Microsoft next presents the horrors that await customers who switch to a Mac: "they will have to: live without most of the latest games and some software titles, re-purchase Mac versions of software hey already own for Windows (if they're available), accept that many Mac title are not as full-featured as Windows version (e.g. QuickBooks Pro)."
A series of graphs point out the percentage of the top 25 PC apps that are available for the Mac, starting with 44% of business and productivity apps (Microsoft notes that its own Access database is not available for the Mac, but doesn't mention that alternatives such as FileMaker Pro and Bento are).
Among top PC communication and Internet apps, Microsoft says only 28% are Mac-savvy, specifically noting Outlook, a title Microsoft only offers in a very reduced version for Mac users under the name Entourage. Ironically, Microsoft has announced publicly that it will soon be selling a new version of Outlook for Mac users, but it doesn't note that anywhere in its anti-Mac training session. It also doesn't point out that it ships its own Office suite for Mac users.
In finance apps, Microsoft says the Mac only has 48% of the top PC apps available. Microsoft cites Quicken 2009, again highlighting the terrible job Intuit has done in supporting Mac users. Its CEO, Bill Campbell, also sits on Apple's board, making this stab particularly painful. However, the company has shipped QuickBooks 2009 and has announced plans to support Mac users better in the future (including support for Online Payroll), something that Microsoft has no reason to emphasize. A ground up rewrite of Quicken for Mac, designed to take full advantage of new Mac OS X features, is slated for next year.
Among personal productivity apps, Microsoft only gives the Mac 8% of the top PC titles, citing "HGTV Home Design and Remodeling." On Amazon, that title was given as many one and two star ratings as it got in five star ratings, with top users' reviews posting comments that called it "disappointing" and "so difficult I've given up."
Microsoft doesn't mention the free iLife applications that ship with the Mac, the Mac-only iWork suite of apps Apple sells at shareware prices, and Apple's Pro Apps that are also exclusive to the Mac, including prosumer and professional versions of Final Cut and Logic. Some of those features are brought up in Apple's "Get a Mac" ads, which have helped induce the PC switching wave that has put Microsoft on the defensive.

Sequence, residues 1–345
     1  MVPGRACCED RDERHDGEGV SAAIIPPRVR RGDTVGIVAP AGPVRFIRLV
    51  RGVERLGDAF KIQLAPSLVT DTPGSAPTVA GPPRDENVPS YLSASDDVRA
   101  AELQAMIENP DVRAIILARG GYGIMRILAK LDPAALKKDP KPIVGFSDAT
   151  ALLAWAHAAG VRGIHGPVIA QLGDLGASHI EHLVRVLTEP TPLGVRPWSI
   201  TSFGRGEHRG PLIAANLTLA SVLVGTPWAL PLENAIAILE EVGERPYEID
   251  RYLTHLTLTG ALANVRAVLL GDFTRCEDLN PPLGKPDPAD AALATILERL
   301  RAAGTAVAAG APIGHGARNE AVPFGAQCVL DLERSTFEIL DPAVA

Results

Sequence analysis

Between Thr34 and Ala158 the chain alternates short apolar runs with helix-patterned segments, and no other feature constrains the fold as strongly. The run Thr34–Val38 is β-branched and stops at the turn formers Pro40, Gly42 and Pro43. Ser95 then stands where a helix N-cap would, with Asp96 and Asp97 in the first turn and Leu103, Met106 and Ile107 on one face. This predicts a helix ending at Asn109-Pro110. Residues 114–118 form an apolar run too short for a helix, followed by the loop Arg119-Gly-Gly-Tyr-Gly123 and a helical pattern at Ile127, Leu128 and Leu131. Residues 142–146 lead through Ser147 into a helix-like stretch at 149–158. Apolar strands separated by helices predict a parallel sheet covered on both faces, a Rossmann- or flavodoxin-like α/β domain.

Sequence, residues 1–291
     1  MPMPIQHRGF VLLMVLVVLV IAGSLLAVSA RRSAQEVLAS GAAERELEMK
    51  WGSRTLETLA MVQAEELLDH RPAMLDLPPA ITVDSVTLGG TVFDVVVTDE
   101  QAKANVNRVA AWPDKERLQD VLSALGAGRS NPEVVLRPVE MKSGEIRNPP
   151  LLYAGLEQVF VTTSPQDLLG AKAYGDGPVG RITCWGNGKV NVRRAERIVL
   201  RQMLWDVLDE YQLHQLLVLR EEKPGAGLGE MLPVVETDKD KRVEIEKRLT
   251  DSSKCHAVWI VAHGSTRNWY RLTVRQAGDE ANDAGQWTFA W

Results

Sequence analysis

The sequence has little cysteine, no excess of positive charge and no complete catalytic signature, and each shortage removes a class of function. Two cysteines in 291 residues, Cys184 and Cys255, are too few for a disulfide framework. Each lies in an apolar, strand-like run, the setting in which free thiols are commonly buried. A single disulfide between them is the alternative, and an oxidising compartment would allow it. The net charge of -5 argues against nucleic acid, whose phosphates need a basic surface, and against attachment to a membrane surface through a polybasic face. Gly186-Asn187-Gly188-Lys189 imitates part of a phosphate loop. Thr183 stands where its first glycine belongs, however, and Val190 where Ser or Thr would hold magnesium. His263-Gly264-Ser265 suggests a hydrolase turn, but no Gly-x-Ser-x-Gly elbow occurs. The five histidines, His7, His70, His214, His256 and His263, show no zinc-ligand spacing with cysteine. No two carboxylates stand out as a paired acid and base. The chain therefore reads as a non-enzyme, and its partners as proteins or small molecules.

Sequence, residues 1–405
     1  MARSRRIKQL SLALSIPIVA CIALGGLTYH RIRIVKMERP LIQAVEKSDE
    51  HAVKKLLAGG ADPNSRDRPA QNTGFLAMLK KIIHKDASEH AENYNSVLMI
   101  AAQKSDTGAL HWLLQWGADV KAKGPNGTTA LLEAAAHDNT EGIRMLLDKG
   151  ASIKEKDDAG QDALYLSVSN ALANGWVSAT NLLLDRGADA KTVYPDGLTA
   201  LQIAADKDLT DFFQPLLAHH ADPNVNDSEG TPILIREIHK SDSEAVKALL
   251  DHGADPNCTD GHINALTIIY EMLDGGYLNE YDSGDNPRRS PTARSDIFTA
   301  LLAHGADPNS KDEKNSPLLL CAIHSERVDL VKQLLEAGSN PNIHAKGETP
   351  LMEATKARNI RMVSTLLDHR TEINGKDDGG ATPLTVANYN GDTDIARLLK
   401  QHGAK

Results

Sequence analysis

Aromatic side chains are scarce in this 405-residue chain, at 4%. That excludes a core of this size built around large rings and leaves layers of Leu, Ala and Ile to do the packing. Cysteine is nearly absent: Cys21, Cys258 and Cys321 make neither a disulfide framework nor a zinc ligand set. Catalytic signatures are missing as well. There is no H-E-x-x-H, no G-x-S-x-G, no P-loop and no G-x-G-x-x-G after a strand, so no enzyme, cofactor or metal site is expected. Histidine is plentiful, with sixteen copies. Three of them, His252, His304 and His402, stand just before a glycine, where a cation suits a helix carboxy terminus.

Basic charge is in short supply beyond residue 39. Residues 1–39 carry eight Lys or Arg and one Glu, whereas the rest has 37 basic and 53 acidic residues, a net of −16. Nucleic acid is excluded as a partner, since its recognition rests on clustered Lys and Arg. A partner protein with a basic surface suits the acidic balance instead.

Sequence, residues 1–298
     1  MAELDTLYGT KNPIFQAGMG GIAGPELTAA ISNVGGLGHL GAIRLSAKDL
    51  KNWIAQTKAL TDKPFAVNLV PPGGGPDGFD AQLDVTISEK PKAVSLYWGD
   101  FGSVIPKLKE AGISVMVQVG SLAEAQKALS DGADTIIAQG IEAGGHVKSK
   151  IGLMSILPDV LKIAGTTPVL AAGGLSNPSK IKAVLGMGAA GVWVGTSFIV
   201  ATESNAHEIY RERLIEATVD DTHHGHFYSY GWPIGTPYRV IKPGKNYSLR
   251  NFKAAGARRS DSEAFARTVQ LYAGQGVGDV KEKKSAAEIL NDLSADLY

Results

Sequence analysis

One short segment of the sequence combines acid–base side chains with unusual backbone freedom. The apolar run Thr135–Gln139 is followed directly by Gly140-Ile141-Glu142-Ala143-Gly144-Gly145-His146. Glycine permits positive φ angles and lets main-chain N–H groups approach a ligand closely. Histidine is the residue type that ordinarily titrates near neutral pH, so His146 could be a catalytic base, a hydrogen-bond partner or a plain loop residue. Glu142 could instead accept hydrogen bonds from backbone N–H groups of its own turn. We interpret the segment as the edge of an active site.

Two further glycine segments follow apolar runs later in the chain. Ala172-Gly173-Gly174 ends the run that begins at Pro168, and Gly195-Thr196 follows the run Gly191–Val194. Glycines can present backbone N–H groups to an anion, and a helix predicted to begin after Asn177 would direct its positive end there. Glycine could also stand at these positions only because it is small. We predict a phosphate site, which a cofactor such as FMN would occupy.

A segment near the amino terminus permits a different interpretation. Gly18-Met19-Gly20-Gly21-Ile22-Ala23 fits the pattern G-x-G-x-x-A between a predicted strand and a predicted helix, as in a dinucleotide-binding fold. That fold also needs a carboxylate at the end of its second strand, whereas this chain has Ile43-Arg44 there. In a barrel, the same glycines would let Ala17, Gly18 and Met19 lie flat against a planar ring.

The next punch is Microsoft's strongest blow, pointing out that Macs natively only run 12 of the top 25 PC games. It might seem surprising that the figure is even that high, given Microsoft's strength in PC gaming. However, in touting its proprietary DirectX 11, which is only available to the minority of PC users running Windows Vista/7, Microsoft also forgets that Macs can also run Windows natively at full speed.
Microsoft makes no mention of BootCamp. Isn't Microsoft in the business of selling Windows rather than PCs? That may be the case, but Microsoft knows that users who switch to the Mac have the option to run Windows, but will actually create more demand for Mac-only titles. That's already happening. This forces Microsoft to support sales of generic PC sales against the "Mac," making no distinction that Macs can also run Windows, and therefore have no problem playing PC games.
Microsoft now leads retail employees through three review questions to see if they've been paying attention. If "your customers have less to learn with a Windows-based PC" is rated as a myth rather than fact, the training replies "INCORRECT" in red.
The "real facts," Microsoft says, is that "most of your customers have already used Windows ether at work or at home," and that "new features, security and reliability make Windows 7 a familiar, but better choice." Since the vast majority of PC users are actually working with Windows XP, why will the new features of Windows 7, which look a lot more like Mac OS X than XP, be more familiar to them? Microsoft doesn't say.
If employees agree that "Macs are a better value than a PC because you get more for your money," they again get reprimanded with full caps in red ink. Again, Microsoft says "its [sic] possible to get a PC with the same hardware specs as a Mac and save up to $300. Windows Live is free. Apple's online service costs $99/year." Time to move to the next question.
Anyone who questions that "Windows 7 is compatible with more software and games than a Mac" is again hit with red marks. "Many mac software titles are not as full featured and available as the Windows versions," Microsoft says, adding that, of the top 25 PC games, "only 12 are available on a Mac [OS X system that doesn't have a BootCamp Windows partition]." (Some of those details were not actually presented in Microsoft's training materials, of course.)
On page 3 of 3: The Quiz
The training materials next present four features in Windows 7:
* "Snap" window positioning
* The bundled Windows Media Center DVR application
* "Jump lists," a new name for Recent Items
* Location Aware Printing, a feature that changes the default printer to the current location.
That last feature only works under the $300 Windows 7 Professional edition (a $200 upgrade from XP or Vista, although Amazon says "we recommend that you experience Windows 7 on a new PC") or other more expensive editions. It does not work under Home Premium.
Microsoft says none of these are available on the Mac. It's true, the Jump List feature that "opens files in just two clicks from the task bar" is not called that on the Mac, and only requires one click under Recent Items under the Apple menu. There are also other features unique to both Windows and the Mac. But are these four features really the strongest Microsoft can include in its sales pitch training for Windows 7? Apple calls most of Snow Leopard's new features "refinements," but may are more significant and useful.
Completing the course requires matching the four feature blurbs to their brand name. For completing this, participants get a $10 copy of Windows 7.
Microsoft's retail training program indicates a defensive posture against Apple's mounting direct retail sales, both in its own retail stores and in the "store within a store" merchandizing done with retails such as BestBuy.